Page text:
At the Vasileostrovskiy Court of St. Petersburg, a meeting was held at the request of the deputy of the Legislative Assembly Boris Vishnevsky to the Prosecutor General’s Office.
The meeting was held at the suit of Vishnevsky because of a request to the Prosecutor General’s Office, in which he asked to explain the principle of the law on “discrediting the army.”
What happened at the meeting. During the meeting, Alexander Morozov, a representative of the Prosecutor General’s Office, asked that an additional response from the department to Vishnevsky be attached to the case file, which was sent by the Russian Post. The deputy stated that he had not received any letters.
In the document, the Prosecutor General’s Office answered one of Vishnevsky’s questions: the demonstration of the Ukrainian flag is not an offense. However, the department did not give an answer as to whether the “special military operation” could be called a war.
The court later added an addendum to the claim. Vishnevsky’s lawyer did not agree with this decision. According to him, the representative of the Prosecutor General’s Office did not specify what exactly the document proves. In addition, in it the department did not answer all the questions of the deputy of the Legislative Assembly.
Alexander Morozov said that, despite the delay in responding, the document contains “sufficient information.” When asked by the judge what prevented the department from sending the letter on time, the representative of the Prosecutor General’s Office replied: “I’m not ready to explain.” However, he later added that the department delayed the response due to the large volume of requests from citizens.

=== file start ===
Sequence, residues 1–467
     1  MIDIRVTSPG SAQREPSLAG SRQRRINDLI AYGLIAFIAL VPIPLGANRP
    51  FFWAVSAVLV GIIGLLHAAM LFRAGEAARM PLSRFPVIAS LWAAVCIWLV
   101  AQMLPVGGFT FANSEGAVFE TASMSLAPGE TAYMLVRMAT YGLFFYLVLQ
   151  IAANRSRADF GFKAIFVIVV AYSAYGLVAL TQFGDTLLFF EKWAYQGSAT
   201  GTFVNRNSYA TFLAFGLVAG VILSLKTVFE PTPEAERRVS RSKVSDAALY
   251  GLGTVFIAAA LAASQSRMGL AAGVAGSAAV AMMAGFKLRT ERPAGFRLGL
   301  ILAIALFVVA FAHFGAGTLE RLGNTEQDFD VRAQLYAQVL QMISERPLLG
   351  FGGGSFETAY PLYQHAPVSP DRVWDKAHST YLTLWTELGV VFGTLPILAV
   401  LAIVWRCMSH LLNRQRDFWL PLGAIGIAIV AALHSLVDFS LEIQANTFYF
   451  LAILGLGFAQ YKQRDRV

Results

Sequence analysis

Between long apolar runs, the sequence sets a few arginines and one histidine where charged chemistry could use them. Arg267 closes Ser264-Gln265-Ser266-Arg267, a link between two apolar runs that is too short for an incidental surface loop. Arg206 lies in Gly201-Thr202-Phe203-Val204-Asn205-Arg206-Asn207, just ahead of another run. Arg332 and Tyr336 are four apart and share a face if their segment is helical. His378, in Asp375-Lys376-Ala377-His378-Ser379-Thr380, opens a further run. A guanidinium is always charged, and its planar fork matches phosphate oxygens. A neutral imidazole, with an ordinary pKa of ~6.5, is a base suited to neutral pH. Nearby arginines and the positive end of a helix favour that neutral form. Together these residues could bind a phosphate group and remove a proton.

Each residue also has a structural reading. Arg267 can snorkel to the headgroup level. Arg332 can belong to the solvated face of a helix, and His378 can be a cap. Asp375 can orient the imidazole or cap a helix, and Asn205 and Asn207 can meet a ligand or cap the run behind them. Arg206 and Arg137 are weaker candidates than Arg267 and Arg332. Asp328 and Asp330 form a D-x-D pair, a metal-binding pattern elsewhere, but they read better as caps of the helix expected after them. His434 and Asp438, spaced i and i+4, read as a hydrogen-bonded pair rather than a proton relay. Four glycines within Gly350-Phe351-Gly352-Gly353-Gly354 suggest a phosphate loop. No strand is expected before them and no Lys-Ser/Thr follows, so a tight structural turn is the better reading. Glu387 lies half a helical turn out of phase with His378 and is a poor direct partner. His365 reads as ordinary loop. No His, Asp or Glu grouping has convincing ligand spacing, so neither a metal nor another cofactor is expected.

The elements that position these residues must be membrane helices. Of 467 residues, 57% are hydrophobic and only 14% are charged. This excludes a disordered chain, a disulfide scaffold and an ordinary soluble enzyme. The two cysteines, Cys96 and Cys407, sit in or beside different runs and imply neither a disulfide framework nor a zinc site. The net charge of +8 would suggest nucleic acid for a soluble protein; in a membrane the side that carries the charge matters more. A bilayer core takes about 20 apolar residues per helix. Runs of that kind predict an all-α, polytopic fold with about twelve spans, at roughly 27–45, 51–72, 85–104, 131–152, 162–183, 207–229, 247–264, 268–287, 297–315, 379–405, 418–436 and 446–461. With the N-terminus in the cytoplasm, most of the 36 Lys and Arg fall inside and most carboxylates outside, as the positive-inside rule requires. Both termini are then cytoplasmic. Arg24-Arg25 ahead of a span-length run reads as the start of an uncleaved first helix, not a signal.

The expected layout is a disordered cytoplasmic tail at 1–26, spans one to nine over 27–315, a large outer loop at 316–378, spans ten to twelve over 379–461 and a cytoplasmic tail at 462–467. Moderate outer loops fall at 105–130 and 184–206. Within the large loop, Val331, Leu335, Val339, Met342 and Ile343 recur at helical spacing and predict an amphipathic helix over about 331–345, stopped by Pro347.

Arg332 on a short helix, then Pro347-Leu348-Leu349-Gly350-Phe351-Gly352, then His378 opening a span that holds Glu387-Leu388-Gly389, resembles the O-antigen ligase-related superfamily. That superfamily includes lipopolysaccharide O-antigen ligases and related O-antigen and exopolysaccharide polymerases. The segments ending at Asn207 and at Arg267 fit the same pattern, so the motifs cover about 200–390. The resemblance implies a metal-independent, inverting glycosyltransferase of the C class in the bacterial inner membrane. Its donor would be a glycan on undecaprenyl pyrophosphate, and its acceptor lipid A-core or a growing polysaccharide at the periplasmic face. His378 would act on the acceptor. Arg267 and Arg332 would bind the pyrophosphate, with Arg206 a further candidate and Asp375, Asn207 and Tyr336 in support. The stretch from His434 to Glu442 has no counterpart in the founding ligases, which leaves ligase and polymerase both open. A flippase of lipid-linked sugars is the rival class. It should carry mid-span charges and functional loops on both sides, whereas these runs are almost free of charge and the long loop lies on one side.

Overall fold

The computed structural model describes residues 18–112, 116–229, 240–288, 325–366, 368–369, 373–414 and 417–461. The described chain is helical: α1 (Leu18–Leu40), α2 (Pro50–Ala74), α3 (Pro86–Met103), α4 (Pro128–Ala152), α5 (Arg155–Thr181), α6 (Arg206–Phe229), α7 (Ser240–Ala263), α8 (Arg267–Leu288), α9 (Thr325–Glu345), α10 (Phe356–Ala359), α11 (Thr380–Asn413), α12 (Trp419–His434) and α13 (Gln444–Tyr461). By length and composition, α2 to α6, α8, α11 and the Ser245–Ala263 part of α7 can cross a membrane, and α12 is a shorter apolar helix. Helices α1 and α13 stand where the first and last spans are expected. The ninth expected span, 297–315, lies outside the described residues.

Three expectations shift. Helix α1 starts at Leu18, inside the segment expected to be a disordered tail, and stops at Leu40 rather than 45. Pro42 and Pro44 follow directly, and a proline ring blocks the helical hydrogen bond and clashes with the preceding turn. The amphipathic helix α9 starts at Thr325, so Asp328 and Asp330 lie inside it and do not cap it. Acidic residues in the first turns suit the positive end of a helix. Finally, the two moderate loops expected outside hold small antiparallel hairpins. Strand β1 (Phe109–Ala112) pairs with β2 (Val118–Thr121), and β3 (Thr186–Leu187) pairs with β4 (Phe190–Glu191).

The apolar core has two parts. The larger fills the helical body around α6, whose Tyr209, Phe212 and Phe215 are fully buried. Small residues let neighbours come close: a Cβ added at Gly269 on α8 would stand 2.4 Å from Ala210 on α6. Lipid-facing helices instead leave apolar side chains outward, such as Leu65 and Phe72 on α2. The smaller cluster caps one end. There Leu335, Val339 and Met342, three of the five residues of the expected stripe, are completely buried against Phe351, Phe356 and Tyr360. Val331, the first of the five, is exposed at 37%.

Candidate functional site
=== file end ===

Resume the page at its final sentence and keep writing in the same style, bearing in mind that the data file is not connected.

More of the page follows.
In addition, Morozov was unable to provide evidence that the Prosecutor General’s Office sent the document to Vishnevsky by mail. The court adjourned the hearing to December 22.
What Vishnevsky said. The deputy told the court that he sent the appeal when the practice of bringing citizens to administrative responsibility for statements about a “special military operation” had already developed in Russia.
The law enforcement agencies also accused the Russians of “discrediting the army” for demonstrating the flag of Ukraine and blue and yellow colors.
What you need to know. Earlier, Boris Vishnevsky appealed to the Prosecutor General’s Office and asked to explain how the law on “discrediting the army” works. In August he received a response from the head of the department, Igor Krasnov, but he ignored some of the deputy’s questions. Later, Vishnevsky filed a lawsuit to oblige the Prosecutor General’s Office to answer on the merits.
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